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Durban's foreign street vendors ’warned’ not to return to work face financial plight

A file photo of the violent attacks that took place in Durban in March.

A file photo of the violent attacks that took place in Durban in March.

Published Apr 13, 2021

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Durban - Six weeks after xenophobic attacks in the Durban CBD, hundreds of foreigners say they are no closer to finding a solution to their financial plight.

The foreign nationals, who worked as street vendors and barbers in the CBD, said they were warned and told not to return to their work.

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It has been alleged that the attacks were carried out by members of the Umkhonto we Sizwe Military Veterans Association (MKMVA), however, the provincial body has denied any involvement of its members.

The foreigners and human rights bodies have appealed for the eThekwini Municipality to intervene in the matter.

This week the municipality said numerous ongoing meetings were convened with the local traders’ leadership and foreign national representatives, MKMVA members, Metro Police and SAPS to discuss ways of curbing the attacks.

Mwayuma Mubayua, a young street trader from the Workshop flea market, said she wanted answers from the city.

She said she had traded there for years.

“It is my only form of income, yet we can't as legal street traders go there because we are being chased or threatened. It’s scary that all our spots are taken and if we try to go back they will take our goods away like before and blow a whistle for the mob to attack us. What are we to do?” Mubayua asked.

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Gaby Bikombo, founding member of Siyagunda Street Barber’s Association (SSBA), told The Mercury the situation was still very concerning and he hoped last week’s church intervention together with city’s plans would yield results.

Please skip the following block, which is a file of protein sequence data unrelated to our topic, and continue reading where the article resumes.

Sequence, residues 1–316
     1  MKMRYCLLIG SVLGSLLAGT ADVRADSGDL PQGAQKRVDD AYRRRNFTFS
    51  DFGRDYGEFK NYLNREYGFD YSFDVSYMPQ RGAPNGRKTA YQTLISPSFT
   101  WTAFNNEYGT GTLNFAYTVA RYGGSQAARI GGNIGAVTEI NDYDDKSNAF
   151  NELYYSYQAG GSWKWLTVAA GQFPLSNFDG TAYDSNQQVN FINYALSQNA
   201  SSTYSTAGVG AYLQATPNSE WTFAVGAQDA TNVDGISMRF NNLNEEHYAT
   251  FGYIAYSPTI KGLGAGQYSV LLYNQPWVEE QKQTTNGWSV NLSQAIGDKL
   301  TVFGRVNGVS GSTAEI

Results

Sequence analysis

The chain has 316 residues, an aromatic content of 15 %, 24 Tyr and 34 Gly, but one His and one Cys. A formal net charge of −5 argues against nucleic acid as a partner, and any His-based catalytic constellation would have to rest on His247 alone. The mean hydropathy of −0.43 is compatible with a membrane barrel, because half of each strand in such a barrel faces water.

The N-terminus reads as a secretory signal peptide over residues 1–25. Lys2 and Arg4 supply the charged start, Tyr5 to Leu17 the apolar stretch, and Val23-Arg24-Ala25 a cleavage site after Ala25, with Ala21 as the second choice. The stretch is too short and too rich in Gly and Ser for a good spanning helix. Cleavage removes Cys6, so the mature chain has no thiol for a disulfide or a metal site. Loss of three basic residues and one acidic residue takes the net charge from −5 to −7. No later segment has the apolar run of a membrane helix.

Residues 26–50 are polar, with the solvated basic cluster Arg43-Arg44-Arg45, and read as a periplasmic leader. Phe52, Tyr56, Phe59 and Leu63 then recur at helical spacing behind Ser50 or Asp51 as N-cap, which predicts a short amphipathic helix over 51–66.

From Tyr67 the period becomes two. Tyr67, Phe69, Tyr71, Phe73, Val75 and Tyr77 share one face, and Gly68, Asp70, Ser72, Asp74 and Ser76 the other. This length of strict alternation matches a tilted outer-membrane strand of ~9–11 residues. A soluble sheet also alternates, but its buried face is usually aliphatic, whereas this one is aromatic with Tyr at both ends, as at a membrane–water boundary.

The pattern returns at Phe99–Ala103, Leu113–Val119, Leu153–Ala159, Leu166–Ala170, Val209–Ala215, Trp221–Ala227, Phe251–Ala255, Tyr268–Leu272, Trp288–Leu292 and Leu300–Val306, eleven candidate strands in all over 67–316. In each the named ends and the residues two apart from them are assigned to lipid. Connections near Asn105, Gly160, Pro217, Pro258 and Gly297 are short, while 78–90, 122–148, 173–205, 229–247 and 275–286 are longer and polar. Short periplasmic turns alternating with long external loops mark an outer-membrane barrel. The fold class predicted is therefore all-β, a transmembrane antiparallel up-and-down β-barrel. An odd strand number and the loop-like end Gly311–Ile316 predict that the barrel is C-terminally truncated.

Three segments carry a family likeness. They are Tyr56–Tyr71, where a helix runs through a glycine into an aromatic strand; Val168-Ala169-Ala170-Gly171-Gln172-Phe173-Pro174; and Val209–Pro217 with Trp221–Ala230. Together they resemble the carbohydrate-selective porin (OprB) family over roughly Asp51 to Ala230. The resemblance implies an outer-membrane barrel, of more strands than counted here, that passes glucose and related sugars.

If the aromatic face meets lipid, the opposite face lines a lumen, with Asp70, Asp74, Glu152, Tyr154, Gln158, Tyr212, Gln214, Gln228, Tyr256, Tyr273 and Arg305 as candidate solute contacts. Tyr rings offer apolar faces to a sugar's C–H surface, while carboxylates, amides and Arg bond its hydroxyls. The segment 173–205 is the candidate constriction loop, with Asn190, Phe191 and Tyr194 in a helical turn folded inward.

“The violence has slowed down, but foreign traders are still not allowed back to their trading spots since the attacks months ago because they are still fearful,” he said.

“We have demanded a metro police presence at the flea market but that has not yet materialised. It is risky for any foreign trader to try and trade without the police (presence). Those who did that were taking a huge risk.”

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EThekwini municipality spokesperson, Msawakhe Mayisela said a number of actions had been suggested for the Business Support Unit and enforcement agencies which the city was implementing, including:

– Communication with trader leadership (local and foreign traders).

– Ongoing joint enforcement plan which involves both SAPS and metro police.

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– Monitoring of hot spot areas by enforcement teams/ visibility of police within the city.

– Identify all sites which legal traders have been removed forcefully and ensure that they resume trading in their rightful stands; these areas are monitored by enforcement agencies on a daily basis.

He said affected traders were also encouraged to open cases and submit the case number and statements to police.

He also said that the municipality was finalising preparations to host a Social Cohesion Summit.

Last week, church leaders held a silent vigil at Durban CBD’s Medwood Gardens in solidarity with the foreign national community which had been targeted in violent attacks since the beginning of this year.

The event was organised by the KwaZulu-Natal Christian Council (KZNCC).

Bishop BM Buthelezi said the church leaders affirmed that all people, regardless of nationality or country of birth or ethnic origin, were children of God, created in his image and likeness and therefore having the same innate dignity, value and worth.

“Fear and prejudice or hatred for people of differing origins (xenophobia) is unbiblical and directly opposed to the teaching of Christ that we must respect, accept and love one another,” he said.

Cardinal Wilfrid Napier said he was encouraged by the diverse turnout of local and foreign nationals.

Thandoyise Chiliza, a representative of the MKMVA’s provincial executive committee (PEC) said in the past many days were spent living in exile in foreign countries.

“We had good support of those countries for many years because we did not know at what point we would come back to South Africa.”

The Mercury

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